Language leaves room for ambiguity



Opinion Columnist Kevin Wiggins discusses the ambiguity of modern language and how words can take on varying meanings. He poses the question “Does the reality of our politics truly reflect ‘our values’ and our freedom?”


Language is one of those aspects of the human experience which constantly haunts us. What the exactly correct way to conjugate a verb, or the correct form of there/their/they’re, and even finding “the right words” for how to communicate how we feel can be incredibly daunting. Navigating the waters of any relationship can be difficult enough, but the realities of interhuman communication are muddy, to say the least. It is in this avenue that the abuses of the “gaps” or holes in language can be exploited by friends, lovers and, of course, politicians.

The truly funny thing about living in the modern-liberal world order is its ambiguity of terms. In Ohio on Oct. 15, the Democratic debate was awash with terms like “our values,” and other hollow terminology. The interrogation of these terms isn’t actually taking place even though the illusion of communication is in fact taking place in front of us. What I mean here is that there is no actual exposition taking place other than attempts at keeping to the broadest ambiguity.

When Joe Biden says “this is the United States of America…” with emphasis towards “our values,” he isn’t sharing the entire content of what he is thinking or advocating, we the listener are to bring our own notions of what “our values” are.

Certainly, Elizabeth Warren’s invocation of the term cannot have the same meaning to the healthy portion of Americans who find her take on America to be vile, or in direct contradiction to their take of what “our values” even are?

Take another example which is used in the United States time and time again invoking our “freedom as Americans.” Now, I am in no way about to attempt to make a statement about the actualization of these “freedoms,” per se. However, it is curious that we invoke this trope over and over in the U.S. as if our “freedom” can be caricatured as Ronald Reagan riding a velociraptor with twin Uzis pointed at the Reds. For a libertarian, it could mean “freedom” from government (control), or for another American, the “freedom” to be as they are and love whom they choose. The word carries with it so many different senses that it can be perverted and used for manipulation, but maybe that’s just politics. Ever since Foucault, there has been a healthy discussion in academic circles of the multiplicity of ways in which the state organizes itself to control its “citizens.” The thesis of Foucault’s magnum opus “Discipline & Punish” strikes at the heart of this dilemma. In the work, he argues that the state got exhausted skewering people. I mean, executions are so damn bloody, Louis! So, the state discovered new ways of control, such as “reformatory institutions” like schools, prisons and even hospitals.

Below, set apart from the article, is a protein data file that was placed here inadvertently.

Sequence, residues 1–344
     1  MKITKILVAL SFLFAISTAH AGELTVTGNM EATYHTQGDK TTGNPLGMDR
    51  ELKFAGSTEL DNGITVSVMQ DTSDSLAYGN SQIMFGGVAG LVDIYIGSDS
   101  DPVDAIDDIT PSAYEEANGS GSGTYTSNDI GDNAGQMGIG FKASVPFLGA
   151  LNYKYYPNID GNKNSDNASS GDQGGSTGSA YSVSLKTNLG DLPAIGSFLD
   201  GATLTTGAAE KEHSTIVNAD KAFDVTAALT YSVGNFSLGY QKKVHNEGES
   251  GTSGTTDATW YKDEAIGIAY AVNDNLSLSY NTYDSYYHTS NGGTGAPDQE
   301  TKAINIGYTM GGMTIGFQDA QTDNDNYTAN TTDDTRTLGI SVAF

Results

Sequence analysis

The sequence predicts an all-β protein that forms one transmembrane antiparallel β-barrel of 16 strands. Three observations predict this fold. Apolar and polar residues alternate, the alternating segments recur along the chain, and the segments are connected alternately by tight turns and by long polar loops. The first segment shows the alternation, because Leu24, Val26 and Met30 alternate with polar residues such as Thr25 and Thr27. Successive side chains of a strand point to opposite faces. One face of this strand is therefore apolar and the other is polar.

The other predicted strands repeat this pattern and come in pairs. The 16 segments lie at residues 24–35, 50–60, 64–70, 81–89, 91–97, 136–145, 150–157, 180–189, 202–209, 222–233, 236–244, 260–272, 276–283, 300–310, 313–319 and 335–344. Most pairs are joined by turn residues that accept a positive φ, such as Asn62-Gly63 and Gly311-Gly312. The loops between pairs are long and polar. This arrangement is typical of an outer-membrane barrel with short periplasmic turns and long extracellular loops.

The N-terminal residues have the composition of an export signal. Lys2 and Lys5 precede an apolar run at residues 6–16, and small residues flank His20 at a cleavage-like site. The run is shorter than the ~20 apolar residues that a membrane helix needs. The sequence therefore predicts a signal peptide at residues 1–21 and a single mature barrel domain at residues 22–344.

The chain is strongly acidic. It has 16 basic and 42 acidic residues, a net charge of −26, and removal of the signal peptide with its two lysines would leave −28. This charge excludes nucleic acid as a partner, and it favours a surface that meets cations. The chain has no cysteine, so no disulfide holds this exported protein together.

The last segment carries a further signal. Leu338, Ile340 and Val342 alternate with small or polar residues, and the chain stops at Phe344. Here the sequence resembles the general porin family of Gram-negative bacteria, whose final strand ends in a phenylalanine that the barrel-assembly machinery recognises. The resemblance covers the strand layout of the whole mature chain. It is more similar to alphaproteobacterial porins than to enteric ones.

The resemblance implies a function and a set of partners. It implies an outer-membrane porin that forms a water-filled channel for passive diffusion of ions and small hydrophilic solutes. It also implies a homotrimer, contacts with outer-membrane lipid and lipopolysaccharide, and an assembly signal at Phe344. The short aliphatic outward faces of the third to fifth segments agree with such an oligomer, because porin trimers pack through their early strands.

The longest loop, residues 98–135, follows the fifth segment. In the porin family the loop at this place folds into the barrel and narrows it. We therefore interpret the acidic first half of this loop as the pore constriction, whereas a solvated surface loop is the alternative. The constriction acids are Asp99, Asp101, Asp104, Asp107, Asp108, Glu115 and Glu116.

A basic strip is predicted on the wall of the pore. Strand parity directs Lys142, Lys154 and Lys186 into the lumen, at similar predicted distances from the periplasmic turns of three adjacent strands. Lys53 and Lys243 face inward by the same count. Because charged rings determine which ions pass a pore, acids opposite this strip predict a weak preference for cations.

This shouldn’t call into question, or even make us doubt how we use language as we go about our daily lives, but it should give us pause. How is it that these two parties which claim to be diametrically opposed to each other invoke nearly the same language, and inflame passions so hotly? Perhaps this arises out of the nature of “citizens” in a liberal-democracy. Like Roland Barthes argued, we create a myth of ourselves, accepting a “story of us,” but that doesn’t satisfy our need for living authentically. The maintenance of this myth can be deadly; look to the American citizens droned down under the Obama administration in Yemen, the continuation of that senseless war under Trump and even now as we are active in over 150 countries worldwide. Does the reality of our politics truly reflect “our values” and our “freedom;” can politics ever?